- Number of patents held and/or pending by additional recruits: 26
- Total number of patents held and/or pending as a result of NYFIRST awards: 36
The Future of NYFIRST
The second cycle of NYFIRST closed in mid-2019 and a third in mid-January 2020. While awards have yet to be announced by ESD, it is clear that these first funding cycles have demonstrated the potential of NYFIRST to attract and retain scientific talent. It is also clear that the competition for scientists has not abated; indeed, this competition has expanded as governments, academic institutions and companies around the world have recognized the value of the bioscience sector and the importance of the human capital that drives the sector’s intellectual property creation and entrepreneurship.
AMSNY requests that the Legislature and the Governor reappropriate unspent funds from the 2018 $20 million appropriation and ensure that Empire State Development issues a new Request for Applications as soon as possible.
New York State Stem Cell Science (NYSTEM)
New York State has demonstrated the value of biomedical research investments. The Empire Stem Cell Science (NYSTEM) program – which at $600 million is modest relative to the states with which it is most competitive for scientific talent and NIH funding – has led to the development of important health breakthroughs and private sector investment.
- In 2019, Oscine Therapeutics launched based on NYSTEM-funded research by Steven Goldman, co-director of the University of Rochester Medical Center’s (URMC) Center for Translational Neuromedicine. Oscine is the largest-ever investment in a URMC startup company, with VC funding from Sana Biotechnology – a new firm backed by Arch Venture Partners, Flagship Pioneering and F-Prime Capital Partners.
- BlueRock Therapeutics was launched in 2016 based on NYSTEM-funded research at Memorial Sloan Kettering Cancer Center. BlueRock secured $225 million in venture capital investment from Bayer and Versant Ventures. In 2019, BlueRock received a $1 million investment from Empire State Development to build a neuroscience hub in New York City. Bayer recently announced it is acquiring BlueRock for approximately $600 million.
- In 2019, Luxa Biotechnology – a joint venture between the Korean company Yuyang DNU and the Neural Sem Cell Institute – was launched to develop new treatments for macular degeneration based on NYSTEM-funded research by Sally Temple, co-founder of the Neural Stem Cell Institute in Rensselaer, NY.
NYSTEM issued a Request for Applications with a June 2020 deadline. The Executive budget proposal to eliminate the program would mean that that funding cycle – which the Department of Health had estimated would support 70 projects at a total cost of $50 million over three years – will never be implemented. Many stem cell scientists across New York State prepared applications for this funding cycle, some of them forgoing other grant opportunities. It is clear that eliminating the NYSTEM program will impair scientific advances, harm New York’s standing as a leader in stem cell science and, particularly in light of California’s $5.5 billion renewal of its regenerative medicine program, will diminish our scientific workforce, as stem cell researchers seek funding opportunities outside New York.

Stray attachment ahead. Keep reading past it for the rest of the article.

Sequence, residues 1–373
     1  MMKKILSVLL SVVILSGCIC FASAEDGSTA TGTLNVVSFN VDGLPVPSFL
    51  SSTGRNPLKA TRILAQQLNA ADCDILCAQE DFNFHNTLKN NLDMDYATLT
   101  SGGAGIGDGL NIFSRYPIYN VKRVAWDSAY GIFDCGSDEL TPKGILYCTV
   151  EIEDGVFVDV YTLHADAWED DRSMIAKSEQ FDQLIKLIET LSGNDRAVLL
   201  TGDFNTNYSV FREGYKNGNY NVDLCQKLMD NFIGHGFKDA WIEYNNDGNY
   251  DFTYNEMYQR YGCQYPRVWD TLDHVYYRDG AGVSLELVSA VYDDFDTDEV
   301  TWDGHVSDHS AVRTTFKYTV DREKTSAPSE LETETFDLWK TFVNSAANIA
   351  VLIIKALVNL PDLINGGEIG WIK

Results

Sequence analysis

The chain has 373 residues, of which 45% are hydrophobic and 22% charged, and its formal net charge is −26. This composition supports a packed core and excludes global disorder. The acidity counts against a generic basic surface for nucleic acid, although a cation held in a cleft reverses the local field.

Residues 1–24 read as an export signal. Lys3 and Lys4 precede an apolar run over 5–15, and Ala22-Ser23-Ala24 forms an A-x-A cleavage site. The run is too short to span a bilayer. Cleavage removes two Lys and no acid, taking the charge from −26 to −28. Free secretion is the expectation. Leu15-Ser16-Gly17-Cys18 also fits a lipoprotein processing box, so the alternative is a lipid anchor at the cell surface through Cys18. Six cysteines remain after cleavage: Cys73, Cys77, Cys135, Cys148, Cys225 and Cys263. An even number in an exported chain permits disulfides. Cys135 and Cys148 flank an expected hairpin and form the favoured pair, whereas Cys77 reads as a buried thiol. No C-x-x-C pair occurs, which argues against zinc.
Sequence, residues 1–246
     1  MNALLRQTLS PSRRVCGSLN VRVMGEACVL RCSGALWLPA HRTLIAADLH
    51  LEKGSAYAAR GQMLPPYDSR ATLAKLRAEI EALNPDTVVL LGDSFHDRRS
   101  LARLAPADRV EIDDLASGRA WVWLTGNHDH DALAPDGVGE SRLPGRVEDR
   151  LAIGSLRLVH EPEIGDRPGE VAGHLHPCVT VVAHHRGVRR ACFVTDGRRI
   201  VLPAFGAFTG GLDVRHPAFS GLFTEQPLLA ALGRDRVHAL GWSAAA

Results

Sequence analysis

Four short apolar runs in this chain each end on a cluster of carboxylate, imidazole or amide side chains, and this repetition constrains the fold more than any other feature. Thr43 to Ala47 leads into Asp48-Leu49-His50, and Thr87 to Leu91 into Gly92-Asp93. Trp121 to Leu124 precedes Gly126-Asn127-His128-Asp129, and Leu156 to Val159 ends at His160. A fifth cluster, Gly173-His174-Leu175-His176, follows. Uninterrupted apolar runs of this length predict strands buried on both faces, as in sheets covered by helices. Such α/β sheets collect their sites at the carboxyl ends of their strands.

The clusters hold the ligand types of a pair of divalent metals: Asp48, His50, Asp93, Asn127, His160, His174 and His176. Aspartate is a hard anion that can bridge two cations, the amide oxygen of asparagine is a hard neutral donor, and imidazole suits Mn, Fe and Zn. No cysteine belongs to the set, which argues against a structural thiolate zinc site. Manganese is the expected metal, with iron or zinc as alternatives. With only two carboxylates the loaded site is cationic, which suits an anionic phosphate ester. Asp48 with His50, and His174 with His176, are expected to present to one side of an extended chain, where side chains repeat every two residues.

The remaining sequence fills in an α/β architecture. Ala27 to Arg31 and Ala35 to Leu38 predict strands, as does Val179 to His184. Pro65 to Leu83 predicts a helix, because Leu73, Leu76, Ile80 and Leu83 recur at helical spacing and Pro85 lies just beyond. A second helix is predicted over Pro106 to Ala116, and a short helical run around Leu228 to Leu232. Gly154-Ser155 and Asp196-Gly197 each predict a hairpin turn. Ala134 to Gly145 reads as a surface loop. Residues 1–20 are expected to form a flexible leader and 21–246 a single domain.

The Executive budget proposes to eliminate the NYSTEM program in its entirety, with no new additional funding after April 1, 2021. We urge the Legislature to reject the Article VII language eliminating the program and to ensure sufficient funding to support existing projects and to fund the June 2020 RFA.
Thank you for the opportunity to testify today and for your continued support for biomedical research and New York State’s 17 medical schools. I welcome any questions you may have.
Chief Operating Officer
AMSNY Member Institutions
- Albany Medical College
- Albert Einstein College of Medicine of Yeshiva University
- CUNY School of Medicine
- Columbia University Vagelos College of Physicians & Surgeons
- Icahn School of Medicine at Mt. Sinai Medical Center
- Jacobs School of Medicine & Biomedical Sciences, University at Buffalo, SUNY
- New York Institute of Technology College of Osteopathic Medicine
- New York Medical College
- New York University Grossman School of Medicine
. New York University Long Island School of Medicine
- SUNY Downstate Medical Center
- SUNY Upstate Medical University
- Stony Brook University School of Medicine
- Touro College of Osteopathic Medicine
- University of Rochester School of Medicine & Dentistry
- Weill Cornell Medicine
- Zucker School of Medicine at Hofstra/Northwell